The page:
> answer. Of course once you already know the answer it is usually very
> easy to verify that it equal the one given by Mathematica. For example,
> in your situation the best approach, in my opinion would be simply this:
>
>
> FullSimplify[D[Integrate[Sin[x]/(1 - Cos[x]), x] -
> Log[1 - Cos[x]], x]]
>
>
> 0
>
> As far as I can see this is all you would even need to do in practice.
> The rest is just playing with CAS. But if you like playing then by using
> FullSimplify with suitable TransformationFunctions and
> ComplexityFunction you can usually transform anything into anything
> else. So in this case you can do, for example,
>
>
> f[(n_)*Log[a_]] := Log[a^n];
> f[Cos[x_]^2] := (1/2)*(Cos[2*x] + 1);
> f[Sin[2*(x_)]^2] := (1/2)*(1 - Cos[x]);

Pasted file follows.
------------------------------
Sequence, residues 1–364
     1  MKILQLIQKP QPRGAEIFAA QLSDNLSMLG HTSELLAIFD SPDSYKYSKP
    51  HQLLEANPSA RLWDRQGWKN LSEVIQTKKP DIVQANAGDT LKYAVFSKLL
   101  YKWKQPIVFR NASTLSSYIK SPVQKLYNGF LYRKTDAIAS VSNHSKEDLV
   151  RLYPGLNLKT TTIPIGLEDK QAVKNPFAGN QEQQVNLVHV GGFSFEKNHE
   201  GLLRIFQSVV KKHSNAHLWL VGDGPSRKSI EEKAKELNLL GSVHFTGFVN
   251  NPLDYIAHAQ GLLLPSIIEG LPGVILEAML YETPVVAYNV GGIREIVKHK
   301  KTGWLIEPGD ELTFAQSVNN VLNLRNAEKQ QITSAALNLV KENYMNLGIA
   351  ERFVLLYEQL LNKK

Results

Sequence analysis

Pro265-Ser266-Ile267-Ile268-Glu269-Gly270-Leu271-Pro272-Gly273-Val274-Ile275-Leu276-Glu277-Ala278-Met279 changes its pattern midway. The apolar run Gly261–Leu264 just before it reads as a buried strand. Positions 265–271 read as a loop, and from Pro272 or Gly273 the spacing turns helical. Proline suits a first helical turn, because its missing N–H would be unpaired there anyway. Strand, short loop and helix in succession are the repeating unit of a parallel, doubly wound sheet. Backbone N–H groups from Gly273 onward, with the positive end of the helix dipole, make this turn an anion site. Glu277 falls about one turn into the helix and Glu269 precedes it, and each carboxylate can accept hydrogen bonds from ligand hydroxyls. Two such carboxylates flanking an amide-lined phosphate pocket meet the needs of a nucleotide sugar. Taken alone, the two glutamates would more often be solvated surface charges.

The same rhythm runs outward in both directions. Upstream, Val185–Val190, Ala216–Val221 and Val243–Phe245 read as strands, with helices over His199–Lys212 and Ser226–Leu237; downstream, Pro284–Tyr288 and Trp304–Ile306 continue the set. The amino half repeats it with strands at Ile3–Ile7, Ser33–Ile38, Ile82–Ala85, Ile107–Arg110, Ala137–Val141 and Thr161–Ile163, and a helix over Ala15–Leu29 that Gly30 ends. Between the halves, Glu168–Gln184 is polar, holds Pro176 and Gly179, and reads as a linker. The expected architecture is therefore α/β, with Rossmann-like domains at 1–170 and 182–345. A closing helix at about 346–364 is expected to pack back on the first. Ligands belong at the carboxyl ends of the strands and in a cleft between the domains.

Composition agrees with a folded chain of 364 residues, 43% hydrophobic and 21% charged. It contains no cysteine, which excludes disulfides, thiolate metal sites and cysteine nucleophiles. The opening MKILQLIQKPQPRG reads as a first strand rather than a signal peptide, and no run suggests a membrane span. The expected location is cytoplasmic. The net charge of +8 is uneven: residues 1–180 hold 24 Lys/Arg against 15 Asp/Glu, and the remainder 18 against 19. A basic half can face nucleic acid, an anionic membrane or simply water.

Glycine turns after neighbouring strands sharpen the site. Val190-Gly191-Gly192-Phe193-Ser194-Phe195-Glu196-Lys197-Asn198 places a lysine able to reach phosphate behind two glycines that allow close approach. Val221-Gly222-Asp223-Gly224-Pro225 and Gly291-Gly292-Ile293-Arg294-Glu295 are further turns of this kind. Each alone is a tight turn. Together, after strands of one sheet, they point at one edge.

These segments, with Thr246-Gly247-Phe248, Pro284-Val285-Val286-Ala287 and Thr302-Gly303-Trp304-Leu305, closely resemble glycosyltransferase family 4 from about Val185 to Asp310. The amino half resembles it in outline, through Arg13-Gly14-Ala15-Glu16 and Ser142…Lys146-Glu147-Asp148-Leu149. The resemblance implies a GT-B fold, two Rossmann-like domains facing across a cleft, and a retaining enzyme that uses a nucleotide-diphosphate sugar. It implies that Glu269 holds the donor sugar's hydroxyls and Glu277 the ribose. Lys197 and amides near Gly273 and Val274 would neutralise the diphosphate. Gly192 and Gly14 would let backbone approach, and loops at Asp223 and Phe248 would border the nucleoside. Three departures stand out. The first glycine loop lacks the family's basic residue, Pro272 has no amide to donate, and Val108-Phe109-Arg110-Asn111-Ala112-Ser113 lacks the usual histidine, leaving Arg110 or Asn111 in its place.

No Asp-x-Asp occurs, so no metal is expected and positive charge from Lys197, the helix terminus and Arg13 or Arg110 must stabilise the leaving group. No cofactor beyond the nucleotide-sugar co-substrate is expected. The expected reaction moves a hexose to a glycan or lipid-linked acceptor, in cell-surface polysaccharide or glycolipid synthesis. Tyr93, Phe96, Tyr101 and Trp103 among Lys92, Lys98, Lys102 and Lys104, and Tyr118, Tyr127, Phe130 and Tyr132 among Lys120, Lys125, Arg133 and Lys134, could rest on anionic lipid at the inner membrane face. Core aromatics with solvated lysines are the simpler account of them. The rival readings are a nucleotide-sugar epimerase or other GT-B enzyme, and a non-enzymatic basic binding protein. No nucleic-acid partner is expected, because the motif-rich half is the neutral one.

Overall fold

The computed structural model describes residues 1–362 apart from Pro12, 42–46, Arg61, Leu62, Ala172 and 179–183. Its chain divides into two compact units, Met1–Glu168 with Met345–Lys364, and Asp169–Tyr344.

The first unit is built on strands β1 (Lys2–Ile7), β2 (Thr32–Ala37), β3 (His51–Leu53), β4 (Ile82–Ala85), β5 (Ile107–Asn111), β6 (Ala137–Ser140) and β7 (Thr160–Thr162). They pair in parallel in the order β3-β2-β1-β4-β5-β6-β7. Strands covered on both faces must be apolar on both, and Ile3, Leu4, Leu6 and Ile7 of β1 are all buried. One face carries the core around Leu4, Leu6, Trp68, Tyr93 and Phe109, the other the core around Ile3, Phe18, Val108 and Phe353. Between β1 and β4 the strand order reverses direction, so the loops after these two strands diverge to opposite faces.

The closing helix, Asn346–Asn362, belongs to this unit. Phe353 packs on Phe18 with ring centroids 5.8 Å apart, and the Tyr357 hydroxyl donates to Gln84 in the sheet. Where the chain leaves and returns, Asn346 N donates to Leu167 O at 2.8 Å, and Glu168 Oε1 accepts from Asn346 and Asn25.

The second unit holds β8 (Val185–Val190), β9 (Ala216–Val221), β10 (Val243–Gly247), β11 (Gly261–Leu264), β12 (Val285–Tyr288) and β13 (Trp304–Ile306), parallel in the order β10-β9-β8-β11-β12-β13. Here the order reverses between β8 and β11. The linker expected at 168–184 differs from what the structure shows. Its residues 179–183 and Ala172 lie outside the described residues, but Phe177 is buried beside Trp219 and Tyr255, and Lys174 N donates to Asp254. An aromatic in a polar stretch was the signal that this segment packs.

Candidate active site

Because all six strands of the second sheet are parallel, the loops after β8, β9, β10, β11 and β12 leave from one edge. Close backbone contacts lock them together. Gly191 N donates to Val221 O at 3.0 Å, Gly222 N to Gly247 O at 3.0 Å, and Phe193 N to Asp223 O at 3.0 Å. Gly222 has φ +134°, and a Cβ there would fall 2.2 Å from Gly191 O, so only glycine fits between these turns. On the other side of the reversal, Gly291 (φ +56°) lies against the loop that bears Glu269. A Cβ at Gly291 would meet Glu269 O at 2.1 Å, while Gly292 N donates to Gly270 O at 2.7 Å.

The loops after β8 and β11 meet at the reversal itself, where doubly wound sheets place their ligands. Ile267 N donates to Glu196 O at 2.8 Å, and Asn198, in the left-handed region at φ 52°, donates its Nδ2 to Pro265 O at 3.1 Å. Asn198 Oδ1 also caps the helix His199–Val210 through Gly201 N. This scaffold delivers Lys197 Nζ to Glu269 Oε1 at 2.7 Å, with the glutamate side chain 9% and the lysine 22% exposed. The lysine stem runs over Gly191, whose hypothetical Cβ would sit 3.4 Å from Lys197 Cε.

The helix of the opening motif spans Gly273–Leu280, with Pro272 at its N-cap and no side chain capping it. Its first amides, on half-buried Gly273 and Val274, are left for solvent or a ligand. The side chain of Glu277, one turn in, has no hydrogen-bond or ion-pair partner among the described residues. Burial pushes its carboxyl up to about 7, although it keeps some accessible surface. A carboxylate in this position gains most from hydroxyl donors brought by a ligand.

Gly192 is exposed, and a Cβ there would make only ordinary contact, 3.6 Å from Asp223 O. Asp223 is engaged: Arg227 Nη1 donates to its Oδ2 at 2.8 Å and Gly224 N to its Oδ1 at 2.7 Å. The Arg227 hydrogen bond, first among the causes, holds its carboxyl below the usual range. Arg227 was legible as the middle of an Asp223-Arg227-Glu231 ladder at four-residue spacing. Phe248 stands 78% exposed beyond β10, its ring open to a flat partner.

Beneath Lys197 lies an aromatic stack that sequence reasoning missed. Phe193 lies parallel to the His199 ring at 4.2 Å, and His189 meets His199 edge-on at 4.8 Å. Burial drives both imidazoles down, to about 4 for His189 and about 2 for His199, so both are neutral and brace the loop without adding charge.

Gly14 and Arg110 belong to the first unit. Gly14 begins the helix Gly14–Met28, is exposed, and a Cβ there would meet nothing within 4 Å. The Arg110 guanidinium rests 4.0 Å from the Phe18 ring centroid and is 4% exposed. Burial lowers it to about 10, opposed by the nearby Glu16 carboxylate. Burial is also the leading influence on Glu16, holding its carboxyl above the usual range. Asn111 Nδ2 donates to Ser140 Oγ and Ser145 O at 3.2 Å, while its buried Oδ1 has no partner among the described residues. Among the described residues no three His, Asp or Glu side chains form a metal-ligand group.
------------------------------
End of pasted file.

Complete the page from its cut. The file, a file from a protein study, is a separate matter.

>
>
>
> FullSimplify[Integrate[Sin[x]/(1 - Cos[x]), x],
> TransformationFunctions -> {Automatic, f},
> ComplexityFunction ->
> (LeafCount[#1] + 50*Count[#1, x/2, {0, Infinity}] +
> Count[#1, _Power, {0, Infinity}, Heads -> True] & )]
>
>
> Log[(1/2)*(1 - Cos[x])]
>
> It is slightly amusing to analyse exactly why this works, but I
> amusement is about all of value I can see in this aproach.
>
> Andrzej Kozlowski
>
> On 2 Apr 2006, at 11:00, Murray Eisenberg wrote:
>
>> OK, now how about the following--another case where Mathematica gives a
>> more complicated looking answer than the typical paper-and-pencil direct
>> substitution would provide?
>>
>> Mathematica gives:
>>
>> Integrate[Sin[x]/(1 - Cos[x]), x]
>> 2*Log[Sin[x/2]]
>>
>> I'd like an answer in the form of Log[1-Cos[x]] (plus a constant, to